Manufacturer's Suggested Retail Price (MSRP), also known as "sticker" price, is a recommended selling price that automakers give a new car that is above the invoice price paid by the dealer. It is a price that does not include any options that can be added to a particular car style. When shown as a range, the prices are starting MSRPs, without options, for multiple styles for that model.
This price range reflects the Kelley Blue Book Suggested Retail value for all trim levels, but not necessarily all available options.
The Kelley Blue Book Suggested Retail value represents the amount an auto dealer might ask for a specific vehicle; the actual sale price will vary. A vehicle's popularity, condition, warranty, color and local market conditions are factors involved in determining a final price. The retail value is not a trade-in or private party value.
The Suggested Retail value assumes that the vehicle has been fully reconditioned and has a clean title history. The Suggested Retail value also allows for advertising, sales commissions, insurance and other costs of doing business as a dealer. Most vehicles offered at this price have passed an inspection, and some may carry a warranty. Vehicle mileage is assumed to be normal or below normal.
Best Bets get above-average mpg, class-average or better reliability, class-average or better crash-test ratings, and our recommendation.
Expert Reviews 1 of 6
By Rick Popely
November 24, 1999
Vehicle Overview The Sable, a corporate twin to the Ford Taurus, gets major styling, interior and safety changes this year. The most noticeable changes are on the outside, where more conservative sheet metal replaces the rounded contours of the 1996 through 1999 models.
Like Taurus, the front-wheel-drive Sable comes in four-door sedan and station wagon body styles. Though the two have different exterior styling, they share major mechanical components, including engines.
Exterior Interior dimensions change only fractionally in the Sable, and trunk space is unchanged at 16 cubic feet in the sedan. A conventional, rectangular control panel for audio and climate systems replaces the oval "integrated control panel" in the center of the dashboard and has larger buttons. Seats for six are standard on the GS sedan. The more-expensive LS comes with standard front buckets for five-passenger capacity. A front bench with a folding storage console is a no-cost option. Power adjustable accelerator and pedals with a 3-inch range are a new feature.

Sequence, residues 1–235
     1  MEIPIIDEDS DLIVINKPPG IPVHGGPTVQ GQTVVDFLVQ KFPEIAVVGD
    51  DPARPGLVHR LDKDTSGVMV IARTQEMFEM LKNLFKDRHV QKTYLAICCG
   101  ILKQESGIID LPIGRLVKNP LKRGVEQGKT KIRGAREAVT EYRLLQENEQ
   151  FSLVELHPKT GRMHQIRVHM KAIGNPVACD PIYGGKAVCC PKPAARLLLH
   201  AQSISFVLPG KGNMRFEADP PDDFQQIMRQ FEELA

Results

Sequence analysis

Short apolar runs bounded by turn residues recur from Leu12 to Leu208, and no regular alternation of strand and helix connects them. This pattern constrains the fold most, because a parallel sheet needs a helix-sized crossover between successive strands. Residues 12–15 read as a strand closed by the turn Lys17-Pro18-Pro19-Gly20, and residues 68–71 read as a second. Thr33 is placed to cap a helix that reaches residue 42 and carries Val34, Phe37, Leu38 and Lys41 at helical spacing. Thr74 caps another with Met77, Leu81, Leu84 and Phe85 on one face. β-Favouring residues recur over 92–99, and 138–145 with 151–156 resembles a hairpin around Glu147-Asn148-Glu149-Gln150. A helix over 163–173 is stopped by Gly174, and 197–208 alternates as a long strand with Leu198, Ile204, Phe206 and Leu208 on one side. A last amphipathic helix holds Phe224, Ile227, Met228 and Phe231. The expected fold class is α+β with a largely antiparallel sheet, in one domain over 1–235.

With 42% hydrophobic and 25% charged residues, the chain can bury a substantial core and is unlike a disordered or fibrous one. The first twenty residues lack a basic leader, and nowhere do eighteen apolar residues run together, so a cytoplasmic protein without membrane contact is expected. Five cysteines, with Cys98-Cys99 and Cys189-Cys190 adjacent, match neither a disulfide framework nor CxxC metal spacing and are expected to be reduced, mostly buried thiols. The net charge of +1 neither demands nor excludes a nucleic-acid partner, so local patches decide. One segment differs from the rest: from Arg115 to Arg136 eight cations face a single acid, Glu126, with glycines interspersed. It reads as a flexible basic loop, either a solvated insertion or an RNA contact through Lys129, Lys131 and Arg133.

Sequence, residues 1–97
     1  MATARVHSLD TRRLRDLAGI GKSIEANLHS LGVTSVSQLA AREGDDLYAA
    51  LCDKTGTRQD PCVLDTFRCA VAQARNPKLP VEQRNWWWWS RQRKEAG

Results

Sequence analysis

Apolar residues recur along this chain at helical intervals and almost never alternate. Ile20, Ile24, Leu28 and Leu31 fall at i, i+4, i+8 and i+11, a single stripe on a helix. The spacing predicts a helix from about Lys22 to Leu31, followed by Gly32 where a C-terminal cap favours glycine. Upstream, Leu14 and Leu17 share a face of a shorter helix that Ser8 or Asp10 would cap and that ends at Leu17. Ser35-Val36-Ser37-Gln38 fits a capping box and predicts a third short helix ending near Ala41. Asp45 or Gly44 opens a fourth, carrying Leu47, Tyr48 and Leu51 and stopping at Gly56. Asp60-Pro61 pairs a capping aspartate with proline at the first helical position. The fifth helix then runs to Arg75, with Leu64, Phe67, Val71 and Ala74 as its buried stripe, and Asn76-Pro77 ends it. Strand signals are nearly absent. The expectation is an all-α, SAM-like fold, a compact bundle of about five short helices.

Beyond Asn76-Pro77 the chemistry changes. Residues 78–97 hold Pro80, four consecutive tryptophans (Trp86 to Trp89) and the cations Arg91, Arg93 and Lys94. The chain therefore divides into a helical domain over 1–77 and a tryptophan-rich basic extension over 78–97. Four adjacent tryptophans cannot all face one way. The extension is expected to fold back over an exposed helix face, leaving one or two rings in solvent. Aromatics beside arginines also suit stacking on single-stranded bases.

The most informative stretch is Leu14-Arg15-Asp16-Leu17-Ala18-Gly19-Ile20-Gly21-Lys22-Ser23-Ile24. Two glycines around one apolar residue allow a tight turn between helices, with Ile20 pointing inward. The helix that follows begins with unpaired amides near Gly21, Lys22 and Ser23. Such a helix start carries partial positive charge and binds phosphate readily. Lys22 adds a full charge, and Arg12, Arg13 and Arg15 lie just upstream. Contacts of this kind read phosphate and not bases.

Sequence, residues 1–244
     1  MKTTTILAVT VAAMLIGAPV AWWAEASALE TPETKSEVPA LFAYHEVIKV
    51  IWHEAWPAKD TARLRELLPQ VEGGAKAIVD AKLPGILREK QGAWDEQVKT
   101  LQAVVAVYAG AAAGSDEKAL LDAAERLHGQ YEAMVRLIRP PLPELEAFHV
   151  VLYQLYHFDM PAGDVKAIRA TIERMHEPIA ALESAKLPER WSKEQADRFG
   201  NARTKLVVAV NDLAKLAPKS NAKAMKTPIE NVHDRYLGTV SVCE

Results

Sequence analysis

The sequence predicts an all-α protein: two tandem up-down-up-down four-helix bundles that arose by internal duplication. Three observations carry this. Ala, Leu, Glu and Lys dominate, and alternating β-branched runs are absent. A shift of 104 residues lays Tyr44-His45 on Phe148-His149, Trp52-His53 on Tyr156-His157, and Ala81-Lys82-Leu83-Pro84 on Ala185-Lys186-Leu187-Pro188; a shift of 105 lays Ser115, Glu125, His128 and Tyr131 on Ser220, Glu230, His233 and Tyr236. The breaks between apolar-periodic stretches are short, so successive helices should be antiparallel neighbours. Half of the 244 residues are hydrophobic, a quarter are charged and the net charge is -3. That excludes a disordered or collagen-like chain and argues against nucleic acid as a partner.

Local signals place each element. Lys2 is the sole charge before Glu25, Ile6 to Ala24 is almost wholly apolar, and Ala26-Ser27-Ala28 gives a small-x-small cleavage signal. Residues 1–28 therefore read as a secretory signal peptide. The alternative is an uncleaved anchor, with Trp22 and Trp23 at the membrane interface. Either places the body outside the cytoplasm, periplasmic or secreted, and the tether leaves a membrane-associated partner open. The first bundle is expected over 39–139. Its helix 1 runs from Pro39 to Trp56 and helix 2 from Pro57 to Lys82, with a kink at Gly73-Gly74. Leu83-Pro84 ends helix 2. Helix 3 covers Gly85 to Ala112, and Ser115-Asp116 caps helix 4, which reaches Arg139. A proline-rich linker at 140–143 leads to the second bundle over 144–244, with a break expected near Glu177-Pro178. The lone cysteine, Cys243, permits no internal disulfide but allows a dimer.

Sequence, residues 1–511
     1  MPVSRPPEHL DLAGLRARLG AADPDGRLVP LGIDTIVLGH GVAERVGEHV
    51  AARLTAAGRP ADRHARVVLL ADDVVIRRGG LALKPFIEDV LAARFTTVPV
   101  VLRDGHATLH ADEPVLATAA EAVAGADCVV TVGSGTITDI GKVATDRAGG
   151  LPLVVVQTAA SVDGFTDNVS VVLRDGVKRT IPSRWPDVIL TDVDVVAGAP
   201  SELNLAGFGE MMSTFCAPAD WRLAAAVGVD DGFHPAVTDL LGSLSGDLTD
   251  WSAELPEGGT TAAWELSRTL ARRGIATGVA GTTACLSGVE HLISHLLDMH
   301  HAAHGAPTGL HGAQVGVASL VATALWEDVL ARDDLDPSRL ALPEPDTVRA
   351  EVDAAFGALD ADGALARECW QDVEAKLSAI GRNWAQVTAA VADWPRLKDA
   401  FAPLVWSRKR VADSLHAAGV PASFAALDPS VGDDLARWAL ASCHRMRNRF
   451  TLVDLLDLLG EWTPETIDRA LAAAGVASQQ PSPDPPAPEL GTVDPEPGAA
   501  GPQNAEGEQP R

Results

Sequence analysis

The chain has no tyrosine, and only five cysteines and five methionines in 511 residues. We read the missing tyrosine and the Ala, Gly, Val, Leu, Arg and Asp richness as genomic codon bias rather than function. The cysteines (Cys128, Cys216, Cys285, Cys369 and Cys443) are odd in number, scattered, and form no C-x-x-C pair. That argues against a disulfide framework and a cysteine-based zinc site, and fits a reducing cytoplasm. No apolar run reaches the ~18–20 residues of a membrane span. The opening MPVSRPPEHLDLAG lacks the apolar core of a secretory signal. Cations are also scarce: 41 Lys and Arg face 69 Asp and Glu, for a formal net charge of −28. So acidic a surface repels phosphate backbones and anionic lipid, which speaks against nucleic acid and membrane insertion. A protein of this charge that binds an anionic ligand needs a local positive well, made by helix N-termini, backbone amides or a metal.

Interior All exterior panels except the doors are new for 2000, and the Sable looks larger as a result. Wheelbase and overall length, however, are unchanged at 108.5 and 200 inches, respectively.
Though the overall look is much less round, the roof and pillars still have the same arch shape of the 1996-99 models. A larger, more formal grille and larger tail lamps give both ends a new look.
Under the Hood Engine choices include two 3.0-liter V-6s, a 155-horsepower version (10 more than the 1999 model) with overhead valves and a 200-horsepower version (an increase of 15) with dual-overhead camshafts. Both team with a four-speed automatic transmission.
Safety New front airbags that deploy at one of two inflation levels based on crash severity, whether the seatbelts are buckled and the driver's seat position are standard. When crash sensors detect that airbags are needed, they inflate at a higher rate in severe crashes and at a slower rate in moderate collisions.
Side-impact airbags that protect the heads and chests of front-seat occupants are a new option. Anti-lock brakes with a new all-speed traction control system also are optional. Also new are front-seatbelt pretensioners and retractors that remove slack in crashes. A warning system activates a red light and intermittently sounds a chime if either the driver and front passenger are unbelted.
A child-friendly emergency trunk release that glows in the dark is a new standard feature on all 2000 Ford cars.